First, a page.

8/11
artworks in Poetical Bodies: Works on Paper by Blake and His Contemporaries

Cornelia Parker, From ‘A River Seen from a Hill’ circa 1840, JMW Turner, N05475, Tate Collection  1998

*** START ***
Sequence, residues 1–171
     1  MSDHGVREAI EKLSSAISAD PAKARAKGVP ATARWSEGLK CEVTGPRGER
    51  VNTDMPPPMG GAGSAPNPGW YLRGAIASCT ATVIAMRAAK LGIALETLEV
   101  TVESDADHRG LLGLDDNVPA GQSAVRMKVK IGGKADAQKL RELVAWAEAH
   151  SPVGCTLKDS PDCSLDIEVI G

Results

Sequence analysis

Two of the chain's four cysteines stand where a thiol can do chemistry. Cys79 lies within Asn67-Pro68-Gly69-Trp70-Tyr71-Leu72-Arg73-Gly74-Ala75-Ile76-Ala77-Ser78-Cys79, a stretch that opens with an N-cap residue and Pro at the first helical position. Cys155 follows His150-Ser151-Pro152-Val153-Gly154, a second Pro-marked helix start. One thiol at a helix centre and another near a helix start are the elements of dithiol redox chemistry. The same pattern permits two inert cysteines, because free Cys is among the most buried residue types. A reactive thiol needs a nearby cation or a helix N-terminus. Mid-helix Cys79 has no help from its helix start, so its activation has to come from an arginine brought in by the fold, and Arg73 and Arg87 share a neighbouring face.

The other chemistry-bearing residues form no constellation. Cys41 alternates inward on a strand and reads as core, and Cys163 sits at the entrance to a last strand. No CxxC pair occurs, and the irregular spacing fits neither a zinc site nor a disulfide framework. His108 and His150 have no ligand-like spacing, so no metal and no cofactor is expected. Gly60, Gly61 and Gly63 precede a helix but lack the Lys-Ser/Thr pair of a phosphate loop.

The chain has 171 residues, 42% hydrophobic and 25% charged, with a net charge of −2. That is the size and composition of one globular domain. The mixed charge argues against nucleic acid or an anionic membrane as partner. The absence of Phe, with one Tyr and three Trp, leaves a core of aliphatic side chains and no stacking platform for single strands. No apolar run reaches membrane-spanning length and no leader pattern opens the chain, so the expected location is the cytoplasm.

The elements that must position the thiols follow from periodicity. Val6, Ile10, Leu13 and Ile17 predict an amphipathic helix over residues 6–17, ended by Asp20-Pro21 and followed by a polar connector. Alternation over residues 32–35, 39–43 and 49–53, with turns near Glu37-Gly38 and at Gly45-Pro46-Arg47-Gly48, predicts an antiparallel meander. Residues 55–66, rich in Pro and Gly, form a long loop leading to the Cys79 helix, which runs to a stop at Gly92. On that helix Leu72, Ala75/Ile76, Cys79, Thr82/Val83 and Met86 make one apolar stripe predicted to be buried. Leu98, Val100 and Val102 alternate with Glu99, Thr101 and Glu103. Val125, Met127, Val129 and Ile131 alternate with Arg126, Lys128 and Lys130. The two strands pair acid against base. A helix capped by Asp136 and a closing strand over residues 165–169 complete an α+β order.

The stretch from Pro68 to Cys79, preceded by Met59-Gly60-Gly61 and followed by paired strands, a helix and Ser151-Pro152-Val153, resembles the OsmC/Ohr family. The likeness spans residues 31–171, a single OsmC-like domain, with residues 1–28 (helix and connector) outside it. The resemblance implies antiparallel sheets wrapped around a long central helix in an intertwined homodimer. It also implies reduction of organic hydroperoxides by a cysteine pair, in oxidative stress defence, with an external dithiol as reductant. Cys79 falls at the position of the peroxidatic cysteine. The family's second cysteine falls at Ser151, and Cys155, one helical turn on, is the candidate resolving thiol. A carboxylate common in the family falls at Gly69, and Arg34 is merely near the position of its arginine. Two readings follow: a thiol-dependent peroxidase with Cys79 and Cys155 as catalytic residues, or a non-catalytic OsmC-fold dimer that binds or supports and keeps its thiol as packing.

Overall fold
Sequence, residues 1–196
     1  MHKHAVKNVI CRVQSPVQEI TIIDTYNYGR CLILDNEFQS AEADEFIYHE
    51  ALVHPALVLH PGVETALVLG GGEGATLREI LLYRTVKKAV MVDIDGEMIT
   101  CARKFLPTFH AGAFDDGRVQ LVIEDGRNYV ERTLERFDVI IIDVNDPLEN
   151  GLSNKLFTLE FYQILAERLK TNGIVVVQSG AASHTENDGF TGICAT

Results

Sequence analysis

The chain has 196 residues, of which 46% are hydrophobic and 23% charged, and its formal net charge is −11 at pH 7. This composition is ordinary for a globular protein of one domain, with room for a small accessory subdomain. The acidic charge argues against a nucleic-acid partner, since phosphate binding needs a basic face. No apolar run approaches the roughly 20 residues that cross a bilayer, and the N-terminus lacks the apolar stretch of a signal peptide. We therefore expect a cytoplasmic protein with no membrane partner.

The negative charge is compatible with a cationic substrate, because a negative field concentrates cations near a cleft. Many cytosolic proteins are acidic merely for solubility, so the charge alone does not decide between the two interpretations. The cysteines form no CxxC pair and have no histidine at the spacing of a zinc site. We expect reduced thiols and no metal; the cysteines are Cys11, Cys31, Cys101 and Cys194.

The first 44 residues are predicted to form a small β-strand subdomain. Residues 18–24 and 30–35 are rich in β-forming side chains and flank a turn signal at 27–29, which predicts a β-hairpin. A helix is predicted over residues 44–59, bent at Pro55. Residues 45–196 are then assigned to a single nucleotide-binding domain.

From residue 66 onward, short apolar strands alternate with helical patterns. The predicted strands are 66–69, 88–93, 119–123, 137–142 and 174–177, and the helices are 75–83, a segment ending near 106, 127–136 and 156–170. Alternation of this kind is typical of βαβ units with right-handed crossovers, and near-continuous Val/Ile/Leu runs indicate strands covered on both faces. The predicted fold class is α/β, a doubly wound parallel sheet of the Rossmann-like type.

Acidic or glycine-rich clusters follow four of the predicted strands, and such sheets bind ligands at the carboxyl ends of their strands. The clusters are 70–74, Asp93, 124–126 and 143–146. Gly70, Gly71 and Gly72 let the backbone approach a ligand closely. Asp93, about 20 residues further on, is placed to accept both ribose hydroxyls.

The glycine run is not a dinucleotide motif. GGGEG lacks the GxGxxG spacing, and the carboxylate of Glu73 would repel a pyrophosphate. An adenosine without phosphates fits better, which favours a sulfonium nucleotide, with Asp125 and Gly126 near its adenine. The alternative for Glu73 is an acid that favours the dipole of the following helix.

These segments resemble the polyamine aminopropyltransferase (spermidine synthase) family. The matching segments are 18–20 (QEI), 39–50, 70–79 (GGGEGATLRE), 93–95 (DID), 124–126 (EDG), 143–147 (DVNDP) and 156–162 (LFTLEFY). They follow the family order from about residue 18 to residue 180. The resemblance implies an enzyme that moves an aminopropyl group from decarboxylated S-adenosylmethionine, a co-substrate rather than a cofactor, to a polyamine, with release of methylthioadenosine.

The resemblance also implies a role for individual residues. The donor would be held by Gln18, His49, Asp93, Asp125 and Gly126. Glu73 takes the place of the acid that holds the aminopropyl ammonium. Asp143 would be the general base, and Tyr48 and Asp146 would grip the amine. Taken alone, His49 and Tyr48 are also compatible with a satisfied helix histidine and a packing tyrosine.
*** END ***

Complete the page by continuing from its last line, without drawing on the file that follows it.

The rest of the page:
Room for Margins became part of Tate's collection under highly individual circumstances. It was first conceived as a temporary installation for Cornelia Parker's 1998 exhibition at the Serpentine Gallery using archive material lent from Tate's conservation department. It comprises six (not seven as detailed in Tate Facts 1998-2000, London 2000) canvas liners and five sets of canvas tacking edges, all removed by conservators in the 1950s and 1960s, due to their deteriorating condition, from paintings by J.M.W. Turner (1775-1851) in Tate's collection. A canvas liner is an unprimed layer of canvas placed over a stretcher before attaching the primed canvas on which the artist paints. This is done to protect the back of the painted canvas and to help keep it flat. Tacking edges are the parts of the canvas which have been folded around the back of the stretcher. Parker first saw the liners and edges in Tate conservation in February 1998 and was intrigued by their fragile beauty. Each liner bears water damage or tearing, and variations in tone and texture reveal the 'ghosted' image of the stretcher, occasionally with the imprint of the cross-brace visible. In Parker's work, each piece is displayed with an adjacent label citing the Turner painting from which it had been removed. The liners act as 'physical stand-ins' or metaphors for 'removal', their deteriorated state an eerie reminder of the vulnerability of works of art and the threat of physical loss. Moreover, Parker's individual framing of each canvas stresses the beauty and power of the liners as visual objects in their own right. Although they have research value as historical items, the liners and tacking edges are classified as residual or support material. Therefore, unlike the 'originals' from which they were removed, they were never accessioned into Tate's collection. By displaying them as a work authored by herself, Parker sought to question that classification and reveal it as arbitrary. The subsequent accessioning of the liners and edges in the form of the installation Room for Margins into Tate Collection adds to this meaning, effecting the shift in their status from temporary to permanent, from secondary to original material. Although the eleven pieces are regarded as part of a single installation, they can also be exhibited in smaller groups of no fewer than five. Room for Margins recalls Parker's longstanding fascination with the positive and negative values that we attribute to materials and the arbitrary basis by which we ascribe them. Her interest in reclaiming the 'waste' or 'disposable' counterparts to products of worth similarily informs her 1996 work Negatives of Sound (Frith Street Gallery), which comprises the black lacquer excreted during the process of cutting grooves into a vinyl record. This strategy of transforming a material's status without enacting any physical change to it provides an interesting complement to Parker's more familiar practice of transforming the value of an object or material through the use of extreme physical force. Examples of the latter include Thirty Pieces of Silver 1989 (Tate T07461) and Cold, Dark Matter: An Exploded View 1991 (Tate T06949). Further reading:Cornelia Parker, exhibition pamphlet, Serpentine Gallery, London 1998, [p.4].Cornelia Parker, exhibition catalogue, Institute of Contemporary Art, Boston 2000, reproduced p.42.Cornelia Parker, exhibition catalogue, Galleria Civica d'Arte Moderna e Contemporanea, Turin 2001, reproduced in colour, p.46. Helen DelaneyDecember 2001